4 things Atlanta hiring managers don't care about

Ever played one of those games in which the target is constantly moving? Trying to determine what doesn't matter to Atlanta hiring managers is much the same. The reality is: the metro Atlanta job market is extremely competitive, flooded with well-qualified applicants. What may have been acceptable, even encouraged, a few years back is now taboo. The opposite holds true, as well. With that being said, here are four things Atlanta hiring managers don't care about.

>>RELATED: Are these mistakes keeping you from landing a job?

Irrelevant experience

Nancy Spivey, Atlanta-based career coach, remembers a candidate who included what books he read in a cover letter. She said the recruiter took the time to write a personalized rejection letter, saying she had been interested in him until she received his cover letter which was an ample waste of everyone's time. Point blank, a hiring manager may spend 30 seconds reviewing your application. Do you really want to include things that don't pertain to the position you're applying for?

"You're always trying to do little things that sets you apart," said Spivey. "But you want it to be relevant."

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Tip: When answering the proverbial 'tell me about yourself' question, don't verbally "throw-up" all over the employer by reciting your resume or cover 30-something years in your answer. Instead, focus on experience that directly pertains to the job you are there to win, said Spivey.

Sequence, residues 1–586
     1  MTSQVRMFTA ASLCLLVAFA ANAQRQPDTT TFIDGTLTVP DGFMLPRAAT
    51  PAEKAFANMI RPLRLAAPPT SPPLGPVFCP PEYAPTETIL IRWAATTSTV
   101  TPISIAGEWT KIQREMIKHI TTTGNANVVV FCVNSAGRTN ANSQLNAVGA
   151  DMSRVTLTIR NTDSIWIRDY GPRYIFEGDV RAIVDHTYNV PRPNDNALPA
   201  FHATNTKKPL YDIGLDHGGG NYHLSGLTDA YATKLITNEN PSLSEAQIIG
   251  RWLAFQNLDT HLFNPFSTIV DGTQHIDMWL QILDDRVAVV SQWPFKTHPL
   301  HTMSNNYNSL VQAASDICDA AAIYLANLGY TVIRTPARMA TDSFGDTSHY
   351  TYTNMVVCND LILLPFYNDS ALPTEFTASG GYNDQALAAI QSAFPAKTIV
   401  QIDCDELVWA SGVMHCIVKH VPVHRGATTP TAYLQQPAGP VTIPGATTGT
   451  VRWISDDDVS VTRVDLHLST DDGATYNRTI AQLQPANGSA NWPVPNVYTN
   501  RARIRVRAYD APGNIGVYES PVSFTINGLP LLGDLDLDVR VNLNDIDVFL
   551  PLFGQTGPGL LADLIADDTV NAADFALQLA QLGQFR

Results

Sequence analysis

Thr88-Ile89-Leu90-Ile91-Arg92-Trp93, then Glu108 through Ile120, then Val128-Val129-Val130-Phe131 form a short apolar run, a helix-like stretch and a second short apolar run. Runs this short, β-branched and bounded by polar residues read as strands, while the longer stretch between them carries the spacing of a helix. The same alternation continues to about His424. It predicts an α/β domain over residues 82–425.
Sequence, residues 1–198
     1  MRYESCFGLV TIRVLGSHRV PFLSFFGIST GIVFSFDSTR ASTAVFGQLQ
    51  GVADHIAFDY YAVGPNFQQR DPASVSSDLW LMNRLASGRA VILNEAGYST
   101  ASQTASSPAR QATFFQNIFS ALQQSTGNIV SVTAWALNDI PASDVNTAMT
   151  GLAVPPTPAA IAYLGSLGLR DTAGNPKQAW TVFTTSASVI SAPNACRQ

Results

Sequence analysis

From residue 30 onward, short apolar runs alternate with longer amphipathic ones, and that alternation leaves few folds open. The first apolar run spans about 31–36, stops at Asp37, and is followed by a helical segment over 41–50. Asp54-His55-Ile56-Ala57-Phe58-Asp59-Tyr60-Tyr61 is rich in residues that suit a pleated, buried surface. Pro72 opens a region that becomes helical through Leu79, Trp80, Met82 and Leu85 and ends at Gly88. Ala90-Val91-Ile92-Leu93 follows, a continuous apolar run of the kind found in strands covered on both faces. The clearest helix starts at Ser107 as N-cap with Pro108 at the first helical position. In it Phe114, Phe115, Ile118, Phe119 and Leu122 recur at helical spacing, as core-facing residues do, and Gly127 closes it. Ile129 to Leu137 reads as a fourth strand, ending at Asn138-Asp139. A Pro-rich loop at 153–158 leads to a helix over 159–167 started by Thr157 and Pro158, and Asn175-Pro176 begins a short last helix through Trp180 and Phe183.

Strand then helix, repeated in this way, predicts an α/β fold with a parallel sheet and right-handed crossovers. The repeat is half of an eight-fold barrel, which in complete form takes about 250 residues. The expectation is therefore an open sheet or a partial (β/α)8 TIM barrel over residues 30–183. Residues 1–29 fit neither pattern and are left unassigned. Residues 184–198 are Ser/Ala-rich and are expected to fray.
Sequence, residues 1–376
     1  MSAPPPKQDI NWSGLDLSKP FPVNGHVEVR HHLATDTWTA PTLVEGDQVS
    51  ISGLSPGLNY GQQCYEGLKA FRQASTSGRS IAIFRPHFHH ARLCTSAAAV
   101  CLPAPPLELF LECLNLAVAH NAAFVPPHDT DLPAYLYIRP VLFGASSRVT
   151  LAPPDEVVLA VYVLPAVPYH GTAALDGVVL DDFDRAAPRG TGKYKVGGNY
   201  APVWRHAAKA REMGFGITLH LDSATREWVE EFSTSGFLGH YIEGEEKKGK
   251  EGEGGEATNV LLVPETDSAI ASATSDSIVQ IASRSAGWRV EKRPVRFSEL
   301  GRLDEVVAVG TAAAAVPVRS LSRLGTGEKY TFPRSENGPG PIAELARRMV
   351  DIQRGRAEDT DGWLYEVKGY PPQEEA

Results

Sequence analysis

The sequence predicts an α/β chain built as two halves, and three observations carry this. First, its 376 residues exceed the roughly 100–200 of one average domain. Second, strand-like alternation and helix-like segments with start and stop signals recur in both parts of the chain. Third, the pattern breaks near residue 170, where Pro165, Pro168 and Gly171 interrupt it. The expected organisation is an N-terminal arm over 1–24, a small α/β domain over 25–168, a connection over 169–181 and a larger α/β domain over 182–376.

A clever cover letter

In this day and age of resume robots and keyword-matching algorithms, that beautifully crafted cover letter you spent hours toiling over may never see the light of day. By all means, include a cover letter with every application. It's considered unprofessional if you don't. But you may not want to spend hours and hours writing it. "Put most of your emphasis on your resume," said Spivey. "Submitting a cover letter is proper etiquette. Just remember, if you're going to submit a cover letter, the content needs to be relevant to the position and include wording that matches the job description.

Tip: When emailing your resume and cover letter to a recruiter, Suzi Rooker, senior recruiter at Hire Profile, Inc., advised attaching copies created with Microsoft Word, in case the content needs to be edited before forwarding. She also suggests your LinkedIn profile be up-to-date and job titles match those used on your resume.

Bad experiences with previous jobs

If you take only one thing away from this article, take this: There is no faster way to be eliminated from a viable candidate pool than to bad mouth your previous employer(s) and/or colleagues. The only thing this will tell a hiring manager is they don't want to hire you.

Tip: If the hiring manager directly asks you to elaborate on a tough situation and how you dealt with it, an article published by "Elite Daily" suggests you avoid naming any names and focus on how you adapted to get the job done.

How badly you need the job

"Employers don't want applicants to say something like 'I really need this job.' A tone of desperation can quickly end a person's chances of being hired," said Georgia Department of Labor Communications Director, Sam Hall. "Employers prefer applicants who are optimistic and enthusiastic about working for them and contributing to the company's success."

Tip: Feeling desperate is understandable, especially if you've been looking for a while. However, a post on Monster.com, suggests channeling your feelings from "I need a job" to "I can solve problems for your business."

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